So i'm retarded? You have really stooped down to name calling for someone who does not agree with you? I find it insulting and do not appreciate it. Not exactly the Jedi way. Especially for someone who believes that everyone has a right to believe what they want.
I think our reproductive habits are not something he is too concerned about, or even takes cognizance of, even though many Christians consider sexual behavior and the prohibitions thereof to be key tenets of Christianity.

..........uh, have you really read the Bible? lol Sex is all over the Bible. And let's not forget that God bestowed a child unto Mary and her cousin. Although, I can see where you will go with this one. Mary was a virgin, and her cousin was supposed to be too old and most likely her and her husband did not have sex. But still...God forcefully procreated man in this instance, without even asking them "hey, is it ok if I knock you up?" He forced the pain and suffering of child birth upon them. He created John to prepare the way for Jesus, and Jesus to prepare the way to Heaven. God really didn't have to do any of this. It was simply His way of proving His love for us.

Now all of these responses i've given have been in thinking that you are a Christian, a conclusion I came to with the first quote of this post. I know this is a topic that will always lead in circles, and is probably a thread that needs to just die away quickly as it leads to nowhere, lol, but I just really felt that I should post my feelings on all of this as well.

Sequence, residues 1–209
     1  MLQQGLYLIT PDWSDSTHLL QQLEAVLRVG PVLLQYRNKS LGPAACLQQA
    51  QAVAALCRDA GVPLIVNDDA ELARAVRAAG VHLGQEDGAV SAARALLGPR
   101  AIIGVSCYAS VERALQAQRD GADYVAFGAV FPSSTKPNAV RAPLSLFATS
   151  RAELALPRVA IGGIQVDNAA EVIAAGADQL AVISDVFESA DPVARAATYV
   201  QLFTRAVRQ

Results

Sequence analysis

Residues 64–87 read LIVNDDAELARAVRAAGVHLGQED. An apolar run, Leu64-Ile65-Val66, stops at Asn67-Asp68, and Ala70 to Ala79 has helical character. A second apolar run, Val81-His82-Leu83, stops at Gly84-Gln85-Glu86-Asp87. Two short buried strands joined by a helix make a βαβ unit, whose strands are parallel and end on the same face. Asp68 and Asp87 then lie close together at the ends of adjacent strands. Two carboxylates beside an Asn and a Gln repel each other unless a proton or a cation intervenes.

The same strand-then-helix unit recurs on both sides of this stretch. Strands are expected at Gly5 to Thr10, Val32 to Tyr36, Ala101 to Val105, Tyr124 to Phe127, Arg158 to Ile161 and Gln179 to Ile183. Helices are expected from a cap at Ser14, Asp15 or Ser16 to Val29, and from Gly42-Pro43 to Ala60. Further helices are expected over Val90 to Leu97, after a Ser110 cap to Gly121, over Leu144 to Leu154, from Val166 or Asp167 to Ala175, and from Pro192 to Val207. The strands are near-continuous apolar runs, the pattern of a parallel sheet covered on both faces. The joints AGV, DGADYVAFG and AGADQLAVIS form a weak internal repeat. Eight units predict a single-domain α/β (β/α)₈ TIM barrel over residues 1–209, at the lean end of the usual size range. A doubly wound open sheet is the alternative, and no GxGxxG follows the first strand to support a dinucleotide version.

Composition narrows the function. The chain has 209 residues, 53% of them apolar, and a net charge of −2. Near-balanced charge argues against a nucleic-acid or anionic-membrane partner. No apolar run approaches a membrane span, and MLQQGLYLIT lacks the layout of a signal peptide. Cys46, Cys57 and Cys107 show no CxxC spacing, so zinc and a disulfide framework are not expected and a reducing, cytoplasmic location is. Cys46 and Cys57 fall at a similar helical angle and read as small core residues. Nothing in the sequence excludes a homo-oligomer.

I should also point out that while some of these things have probably already been discussed, I'll admit that I was writing as I was reading through the thread (I did skip a few pages) and just didn't want to delete anything because it was what I was thinking at the time and I like for my thoughts to be shared.

And I would like to end on one final note:
I will again remind you all that just because life contains some enjoyment does not make it desirable.

Uh...I disagree. For example, if I were to die, and I were given the chance to live again from the very beginning, knowing all the pain and suffering I would go through in life, I would gladly choose that option. Not because I don't want to blink out of existence or not because I don't want to go to Heaven (a bit of an odd choice to make, lol), but because there are so many joys in life that I find myself wanting again, even knowing that pain and suffering come with them. I do NOT enjoy the pain and suffering AT ALL, but it's a part of life for every living being. But I find the joys of life very pleasurable, and would not mind the pain and suffering, as those come and go throughout life. Perhaps it's because I don't dwell on them? I learn from them and move on.
At first, I thought I was going crazy...but then the gummy bears and unicorn told me I was just fine.